IE 11 is not supported. For an optimal experience visit our site on another browser.

Why elections aren't happening on our smartphones

Plenty of election work is computerized, but online voting risks centralizing a system that is secure in large part due to its "clunky" nature.
Image: A voter casts a ballot during midterm elections in Cambridge, Ohio
A voter casts a ballot during midterm elections in Cambridge, Ohio, on Nov. 6, 2018.Justin Merriman / Getty Images

Andrew Yang asked a question in July, months after he ended his presidential bid, that has dogged election officials: “Why is it again that I can pay a parking ticket online, apply for a passport and conduct personal financial transactions but I can’t vote the same way?”

It's an understandable wish. With technology now powering just about every daily activity — even more so during the pandemic — looming concerns about the election next month make technology a tempting place to look for answers.

Technologists and voting experts understand the frustration. But they are also clear about their findings, and generally always have been: Voting is a uniquely difficult problem for software to solve because you only get one chance to do it right. And that makes it fundamentally different from other sensitive functions like banking, said Matt Blaze, a law professor and computer scientist at Georgetown University who’s led some of the research teams that have found the most glaring vulnerabilities in voting machines.

“The entire banking industry is based on the premise that if fraud occurs, it can be reversed,” Blaze said. “That’s not true with an election. If the wrong person wins an election and takes office, there is essentially nothing you can do about it if you discover six months down the line the wrong person was sworn in.”

In a press call Tuesday, the election directors of several states said they have no plans to adopt widespread online voting anytime soon.

Maggie Toulouse Oliver, New Mexico’s secretary of state and president of the National Association of Secretaries of State, said that her peers generally agreed they weren’t ready to consider online voting.

“The concept of voting over the internet is generally frowned upon in our community,” she said. “My sense of us as a collective is that the technology still has a long way to go to be both secure and to also give us the ability to audit and ensure that votes are counted as cast.”

Louisiana Secretary of State Kyle Ardoin said that while things like voter registration can be done online, actually casting a vote — which needs to be both anonymous and verifiable — was another matter.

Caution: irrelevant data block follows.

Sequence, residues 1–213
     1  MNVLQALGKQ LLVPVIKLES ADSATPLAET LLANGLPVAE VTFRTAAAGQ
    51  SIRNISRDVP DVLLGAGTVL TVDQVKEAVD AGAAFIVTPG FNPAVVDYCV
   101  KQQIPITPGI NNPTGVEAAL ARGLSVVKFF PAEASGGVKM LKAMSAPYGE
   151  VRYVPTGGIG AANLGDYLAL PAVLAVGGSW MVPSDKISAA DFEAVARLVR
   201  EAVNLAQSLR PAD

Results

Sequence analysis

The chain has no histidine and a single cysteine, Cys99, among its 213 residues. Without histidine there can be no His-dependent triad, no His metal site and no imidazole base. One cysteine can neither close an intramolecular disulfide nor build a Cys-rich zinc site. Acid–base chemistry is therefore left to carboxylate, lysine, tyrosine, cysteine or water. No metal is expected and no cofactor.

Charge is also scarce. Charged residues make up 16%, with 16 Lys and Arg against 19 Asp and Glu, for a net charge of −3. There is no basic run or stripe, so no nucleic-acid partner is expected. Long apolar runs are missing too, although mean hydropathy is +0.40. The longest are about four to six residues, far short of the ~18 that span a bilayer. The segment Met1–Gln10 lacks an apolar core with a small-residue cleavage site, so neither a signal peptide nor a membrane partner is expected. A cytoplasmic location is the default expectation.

“Registration I can confirm. The vote I can't,” Ardoin said. “Until there's greater security available, we're not even entertaining that.”

Plenty of election work is computerized. Many voting machines are now electronic, and some can connect to the internet — though this feature has been enough to cause concern among election security experts. Some entrepreneurs are also trying to figure out a secure way for people to vote by smartphone, with one app, Voatz, having been used in some states for small numbers of people to vote.

But voting remains a challenge that many technologists want to avoid. Internet voting provides potential disaster scenarios of widespread vote rigging that simply aren’t possible under the country’s current system.

“The worst-case scenario with voting online is also one of the more likely troubles it would have,” Blaze said.

Why 'clunky' works

One of the U.S. election system’s greatest security strengths, as then-FBI director James Comey said in 2016, is that it’s so “clunky."

While the federal government provides guidance, assistance, funding and some laws, elections are run by states and often administered at the local or county level. That means election equipment is stratified across many systems, making it extremely difficult to tinker with enough devices to meaningfully change a vote outcome.

Vote fraud does occasionally happen in the U.S., but at such a small scale, in terms of a presidential election, that experts generally disregard it as a threat. An online voting system, however, could create a centralized hub that would make widespread fraud possible.

“An attacker wouldn’t just attack one individual vote and compromise it, but rather would compromise the entire system and would have control over essentially all votes that were cast in that way," Blaze said. "And that may be they tamper with the version of the app that people have distributed to them through the app store, or exploit some flaw in the online protocol or in the servers that were seized.”

Concerns about being able to hack into parts of the election system that have already been modernized have spurred action, including efforts to make sure any new technology comes with analog backups.